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Plan to 'stamp out spurious objections to construction' - Minister

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Eoghan Murphy. Picture: Collins

Eoghan Murphy. Picture: Collins

Eoghan Murphy. Picture: Collins

Housing Minister Eoghan Murphy has defended his plans to make it much harder to oppose planning decisions, saying he was trying to weed out vexatious objections.

The minister has drafted law that would make it virtually impossible for many individuals, local groups and environmental organisations to take judicial review proceedings against controversial developments and planning decisions.

Among the changes he wants are rules to require campaign groups to have been in existence for three years, to have at least 100 signed up members, to be personally and substantially affected by a development and to be able to risk potentially crippling costs.

Mr Murphy said he was planning the changes to stamp out spurious objections.

"It's very important that people recognise we have a very serious problem in housing in that we need to build more homes, particularly apartments, particularly in our urban areas. What we have seen far too many times is people objecting to housing where they shouldn't be, and objecting for spurious reasons."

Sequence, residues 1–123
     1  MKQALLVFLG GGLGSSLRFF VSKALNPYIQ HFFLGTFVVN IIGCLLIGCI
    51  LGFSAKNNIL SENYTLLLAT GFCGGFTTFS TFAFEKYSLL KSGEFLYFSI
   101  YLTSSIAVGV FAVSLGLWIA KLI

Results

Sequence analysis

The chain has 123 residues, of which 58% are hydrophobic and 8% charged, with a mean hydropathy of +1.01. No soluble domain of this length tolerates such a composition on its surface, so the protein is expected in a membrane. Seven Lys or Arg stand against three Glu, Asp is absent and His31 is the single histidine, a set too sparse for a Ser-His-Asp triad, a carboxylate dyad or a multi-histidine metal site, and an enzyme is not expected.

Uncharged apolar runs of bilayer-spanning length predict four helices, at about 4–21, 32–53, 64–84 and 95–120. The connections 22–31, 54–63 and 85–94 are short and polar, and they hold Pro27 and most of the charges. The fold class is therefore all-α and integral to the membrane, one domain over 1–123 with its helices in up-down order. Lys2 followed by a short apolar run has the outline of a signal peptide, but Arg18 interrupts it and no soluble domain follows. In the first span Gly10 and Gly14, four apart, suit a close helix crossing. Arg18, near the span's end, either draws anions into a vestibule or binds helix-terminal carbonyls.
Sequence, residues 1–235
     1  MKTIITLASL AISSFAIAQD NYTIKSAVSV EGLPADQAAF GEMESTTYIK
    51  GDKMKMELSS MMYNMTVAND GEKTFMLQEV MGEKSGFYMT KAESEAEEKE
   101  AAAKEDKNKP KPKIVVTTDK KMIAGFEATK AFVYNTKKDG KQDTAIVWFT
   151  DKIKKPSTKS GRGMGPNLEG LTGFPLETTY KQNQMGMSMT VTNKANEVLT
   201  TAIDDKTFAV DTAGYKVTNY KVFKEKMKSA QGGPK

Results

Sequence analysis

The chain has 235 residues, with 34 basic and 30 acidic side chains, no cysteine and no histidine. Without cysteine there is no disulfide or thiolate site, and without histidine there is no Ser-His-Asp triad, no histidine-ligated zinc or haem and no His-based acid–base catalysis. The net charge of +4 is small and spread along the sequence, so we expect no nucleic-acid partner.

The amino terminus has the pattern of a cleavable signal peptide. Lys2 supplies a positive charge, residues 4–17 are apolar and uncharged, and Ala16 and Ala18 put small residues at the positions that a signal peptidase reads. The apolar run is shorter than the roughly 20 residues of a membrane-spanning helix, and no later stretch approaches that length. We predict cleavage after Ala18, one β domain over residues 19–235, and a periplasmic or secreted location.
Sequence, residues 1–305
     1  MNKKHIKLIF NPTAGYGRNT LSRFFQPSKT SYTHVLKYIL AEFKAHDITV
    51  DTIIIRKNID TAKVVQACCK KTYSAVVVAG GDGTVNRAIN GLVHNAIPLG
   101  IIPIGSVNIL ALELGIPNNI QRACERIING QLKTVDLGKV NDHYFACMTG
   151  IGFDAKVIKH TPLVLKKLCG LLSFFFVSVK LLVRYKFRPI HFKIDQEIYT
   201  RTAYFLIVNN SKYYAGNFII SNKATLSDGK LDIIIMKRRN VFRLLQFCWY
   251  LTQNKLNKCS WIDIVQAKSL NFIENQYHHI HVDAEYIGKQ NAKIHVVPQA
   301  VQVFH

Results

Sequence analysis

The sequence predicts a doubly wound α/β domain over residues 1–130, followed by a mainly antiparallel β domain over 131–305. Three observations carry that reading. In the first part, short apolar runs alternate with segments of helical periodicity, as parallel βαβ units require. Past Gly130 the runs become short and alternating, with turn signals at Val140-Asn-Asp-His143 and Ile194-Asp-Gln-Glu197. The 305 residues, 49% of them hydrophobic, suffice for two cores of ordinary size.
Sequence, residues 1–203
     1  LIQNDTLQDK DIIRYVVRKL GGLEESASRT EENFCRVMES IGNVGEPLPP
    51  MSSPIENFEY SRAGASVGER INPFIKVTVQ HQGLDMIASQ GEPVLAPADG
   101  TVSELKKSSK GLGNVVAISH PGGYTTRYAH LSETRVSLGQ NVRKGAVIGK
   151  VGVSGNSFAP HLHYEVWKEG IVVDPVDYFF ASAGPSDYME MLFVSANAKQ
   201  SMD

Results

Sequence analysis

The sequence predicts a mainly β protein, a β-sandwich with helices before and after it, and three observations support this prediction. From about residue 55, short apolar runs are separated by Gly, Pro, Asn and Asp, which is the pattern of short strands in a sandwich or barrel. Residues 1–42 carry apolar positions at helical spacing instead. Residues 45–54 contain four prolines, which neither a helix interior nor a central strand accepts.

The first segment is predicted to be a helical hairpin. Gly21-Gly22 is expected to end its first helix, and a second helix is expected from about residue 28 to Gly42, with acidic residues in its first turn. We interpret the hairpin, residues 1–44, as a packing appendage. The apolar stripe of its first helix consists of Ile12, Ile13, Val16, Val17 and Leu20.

But environmental groups say the High Court does not entertain spurious objections in planning matters.

"You have to make a case to even get a judicial review hearing so if a judge thinks you have a frivolous claim and is not convinced there is merit in your case or an issue worth exploring, you don't get any further," said Tony Lowes, of Friends of the Irish Environment, which has taken numerous cases forcing the Government to comply with environmental regulations.

"Under the minister's plans, we won't even get as far as asking for judicial review, which of course is his intention."

Mr Murphy said people with objections could make their views known to planning offices or An Bord Pleanála but under strategic infrastructure and strategic housing development law, there is no formal appeal process other than to seek judicial review.

Campaign groups say the move breaches the European Commission's Aarhus Convention which protects public participation in decision-making and access to justice in environmental issues.

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